Then 1 when a woman of that town, who was a sinner, learned that Jesus 2 was dining 3 at the Pharisee’s house, she brought an alabaster jar 4 of perfumed oil. 5
When a woman who had lived a sinful life in that town learned that Jesus was eating at the Pharisee’s house, she brought an alabaster jar of perfume,
And there was a woman in the city who was a sinner; and when she learned that He was reclining at the table in the Pharisee’s house, she brought an alabaster vial of perfume,
A certain immoral woman heard he was there and brought a beautiful jar filled with expensive perfume.
Just then a woman of the village, the town harlot, having learned that Jesus was a guest in the home of the Pharisee, came with a bottle of very expensive perfume
And there was a woman in the town who was a sinner; and when she had news that he was a guest in the Pharisee’s house, she took a bottle of perfume,
And a woman in the city, who was a sinner, having learned that he was eating in the Pharisee’s house, brought an alabaster jar of ointment.
And behold, a woman in the city who was a sinner, when she knew that Jesus sat at the table in the Pharisee’s house, brought an alabaster flask of fragrant oil,
when she knew
[Jesus] sat at meat
an alabaster box
|NET © [draft] ITL|
when a woman
of that town
Jesus was dining
, she brought
an alabaster jar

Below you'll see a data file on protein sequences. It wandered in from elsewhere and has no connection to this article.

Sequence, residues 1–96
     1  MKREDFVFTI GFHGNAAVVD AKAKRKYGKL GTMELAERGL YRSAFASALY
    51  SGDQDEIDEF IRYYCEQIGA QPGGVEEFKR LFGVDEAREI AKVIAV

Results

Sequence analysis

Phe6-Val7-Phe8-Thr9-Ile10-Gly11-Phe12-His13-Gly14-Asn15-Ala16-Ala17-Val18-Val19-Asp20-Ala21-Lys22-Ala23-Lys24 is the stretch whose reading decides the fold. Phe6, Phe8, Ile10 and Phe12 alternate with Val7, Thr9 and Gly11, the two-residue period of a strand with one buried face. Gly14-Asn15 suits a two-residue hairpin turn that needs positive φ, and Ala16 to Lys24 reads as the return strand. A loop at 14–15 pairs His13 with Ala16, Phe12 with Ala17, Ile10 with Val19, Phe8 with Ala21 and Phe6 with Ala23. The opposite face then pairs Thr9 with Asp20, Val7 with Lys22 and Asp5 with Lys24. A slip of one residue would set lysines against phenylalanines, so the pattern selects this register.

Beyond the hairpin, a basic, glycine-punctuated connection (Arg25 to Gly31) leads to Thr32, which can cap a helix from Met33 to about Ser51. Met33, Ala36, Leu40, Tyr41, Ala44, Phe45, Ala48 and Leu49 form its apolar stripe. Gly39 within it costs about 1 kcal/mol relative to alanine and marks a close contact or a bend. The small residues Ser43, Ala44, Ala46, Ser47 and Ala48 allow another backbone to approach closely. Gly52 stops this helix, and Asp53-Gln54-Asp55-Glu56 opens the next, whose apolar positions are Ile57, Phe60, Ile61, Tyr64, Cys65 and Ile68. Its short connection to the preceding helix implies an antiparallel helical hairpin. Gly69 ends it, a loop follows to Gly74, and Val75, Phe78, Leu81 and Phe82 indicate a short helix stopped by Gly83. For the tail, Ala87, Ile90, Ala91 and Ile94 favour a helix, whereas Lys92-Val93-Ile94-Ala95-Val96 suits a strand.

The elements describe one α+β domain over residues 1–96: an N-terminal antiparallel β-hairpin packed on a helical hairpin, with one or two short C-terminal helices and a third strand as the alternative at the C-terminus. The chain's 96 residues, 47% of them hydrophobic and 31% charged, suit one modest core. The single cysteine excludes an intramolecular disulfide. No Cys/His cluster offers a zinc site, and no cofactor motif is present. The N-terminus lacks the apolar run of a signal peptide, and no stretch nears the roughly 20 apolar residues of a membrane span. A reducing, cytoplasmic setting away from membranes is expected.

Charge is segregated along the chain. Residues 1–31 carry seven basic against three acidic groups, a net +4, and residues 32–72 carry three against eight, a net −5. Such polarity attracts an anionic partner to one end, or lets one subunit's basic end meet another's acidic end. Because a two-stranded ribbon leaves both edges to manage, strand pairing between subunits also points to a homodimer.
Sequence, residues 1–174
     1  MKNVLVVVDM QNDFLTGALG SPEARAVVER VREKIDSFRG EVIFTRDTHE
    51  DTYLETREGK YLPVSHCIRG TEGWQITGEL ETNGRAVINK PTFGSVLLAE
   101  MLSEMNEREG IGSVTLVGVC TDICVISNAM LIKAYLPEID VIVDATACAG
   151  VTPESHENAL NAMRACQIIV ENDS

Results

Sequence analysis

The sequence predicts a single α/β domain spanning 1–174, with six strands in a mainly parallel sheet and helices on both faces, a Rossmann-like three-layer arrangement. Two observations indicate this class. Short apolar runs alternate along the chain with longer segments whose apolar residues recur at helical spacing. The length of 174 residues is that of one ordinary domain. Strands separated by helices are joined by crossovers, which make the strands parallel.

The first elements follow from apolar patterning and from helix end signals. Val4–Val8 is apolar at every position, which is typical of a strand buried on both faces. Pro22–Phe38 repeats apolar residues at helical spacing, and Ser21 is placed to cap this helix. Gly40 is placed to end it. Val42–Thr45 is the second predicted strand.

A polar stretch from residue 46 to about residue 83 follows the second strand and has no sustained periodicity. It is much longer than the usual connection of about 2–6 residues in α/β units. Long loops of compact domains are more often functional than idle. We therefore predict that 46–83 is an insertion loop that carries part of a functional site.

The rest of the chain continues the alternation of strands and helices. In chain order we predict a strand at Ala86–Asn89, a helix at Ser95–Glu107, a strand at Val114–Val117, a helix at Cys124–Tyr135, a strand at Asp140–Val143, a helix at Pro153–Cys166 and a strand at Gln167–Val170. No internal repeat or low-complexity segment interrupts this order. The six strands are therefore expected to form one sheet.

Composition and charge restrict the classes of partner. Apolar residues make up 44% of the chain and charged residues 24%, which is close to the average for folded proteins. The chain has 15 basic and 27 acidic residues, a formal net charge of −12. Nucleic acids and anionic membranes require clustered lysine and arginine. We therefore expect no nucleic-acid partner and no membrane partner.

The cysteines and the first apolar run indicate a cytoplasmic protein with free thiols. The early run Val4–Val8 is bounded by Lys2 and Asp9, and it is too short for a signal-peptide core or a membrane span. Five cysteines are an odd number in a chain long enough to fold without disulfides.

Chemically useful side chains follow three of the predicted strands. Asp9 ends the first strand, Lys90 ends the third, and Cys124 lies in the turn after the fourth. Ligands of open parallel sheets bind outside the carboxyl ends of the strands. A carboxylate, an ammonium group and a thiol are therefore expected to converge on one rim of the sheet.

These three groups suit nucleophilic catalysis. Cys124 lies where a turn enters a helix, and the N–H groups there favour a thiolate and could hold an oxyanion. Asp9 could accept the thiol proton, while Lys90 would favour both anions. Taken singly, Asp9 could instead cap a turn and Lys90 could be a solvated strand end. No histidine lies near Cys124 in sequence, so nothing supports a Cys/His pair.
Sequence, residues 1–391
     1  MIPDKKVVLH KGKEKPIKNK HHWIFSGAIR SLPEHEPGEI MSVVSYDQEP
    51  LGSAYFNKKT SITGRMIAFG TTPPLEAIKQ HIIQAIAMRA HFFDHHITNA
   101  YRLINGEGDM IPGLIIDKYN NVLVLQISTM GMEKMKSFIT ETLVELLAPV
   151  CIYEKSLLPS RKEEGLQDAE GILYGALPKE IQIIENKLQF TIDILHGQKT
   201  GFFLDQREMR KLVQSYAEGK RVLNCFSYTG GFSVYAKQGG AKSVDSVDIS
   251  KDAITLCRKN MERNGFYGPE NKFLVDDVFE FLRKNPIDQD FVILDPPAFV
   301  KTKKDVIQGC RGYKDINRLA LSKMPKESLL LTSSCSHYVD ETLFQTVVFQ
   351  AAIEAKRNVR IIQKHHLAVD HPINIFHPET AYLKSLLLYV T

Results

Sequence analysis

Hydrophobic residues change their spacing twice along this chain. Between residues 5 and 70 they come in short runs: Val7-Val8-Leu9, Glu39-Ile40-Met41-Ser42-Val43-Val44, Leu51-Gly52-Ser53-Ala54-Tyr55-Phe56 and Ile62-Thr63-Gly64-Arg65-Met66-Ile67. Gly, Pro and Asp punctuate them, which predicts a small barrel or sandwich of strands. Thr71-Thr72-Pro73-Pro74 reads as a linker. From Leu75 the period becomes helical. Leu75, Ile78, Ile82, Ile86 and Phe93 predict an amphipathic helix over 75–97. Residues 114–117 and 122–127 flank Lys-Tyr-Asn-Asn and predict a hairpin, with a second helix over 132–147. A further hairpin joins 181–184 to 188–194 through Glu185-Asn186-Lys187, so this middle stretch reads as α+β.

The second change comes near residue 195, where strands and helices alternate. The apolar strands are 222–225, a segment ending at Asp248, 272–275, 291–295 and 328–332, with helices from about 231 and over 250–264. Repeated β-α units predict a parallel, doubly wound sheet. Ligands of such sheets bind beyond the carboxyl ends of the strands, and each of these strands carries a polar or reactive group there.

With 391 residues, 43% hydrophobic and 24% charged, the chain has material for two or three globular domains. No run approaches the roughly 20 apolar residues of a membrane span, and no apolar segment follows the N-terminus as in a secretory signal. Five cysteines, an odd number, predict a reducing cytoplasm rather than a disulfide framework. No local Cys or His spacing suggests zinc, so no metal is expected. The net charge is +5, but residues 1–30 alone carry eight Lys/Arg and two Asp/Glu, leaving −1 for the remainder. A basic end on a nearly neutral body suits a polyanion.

of perfumed oil.
|NET © Notes||
1 tn Grk “And behold.” Here καί (kai) has been translated as “then” to indicate the implied sequence of events within the narrative. The Greek word ἰδού (idou) at the beginning of this statement has not been translated because it has no exact English equivalent here, but adds interest and emphasis (BDAG 468 s.v. 1).
2 tn Grk “he”; the referent (Jesus) has been specified in the translation for clarity.
3 tn Grk “was reclining at table.”
4 sn A jar made of alabaster stone was normally used for very precious substances like perfumes. It normally had a long neck which was sealed and had to be broken off so the contents could be used.
5 tn Μύρον (muron) was usually made of myrrh (from which the English word is derived) but here it is used in the sense of ointment or perfumed oil (L&N 6.205). The same phrase occurs at the end of v. 38 and in v. 46.
sn Nard or spikenard is a fragrant oil from the root and spike of the nard plant of northern India. This perfumed oil, if made of something like nard, would have been extremely expensive, costing up to a year’s pay for an average laborer.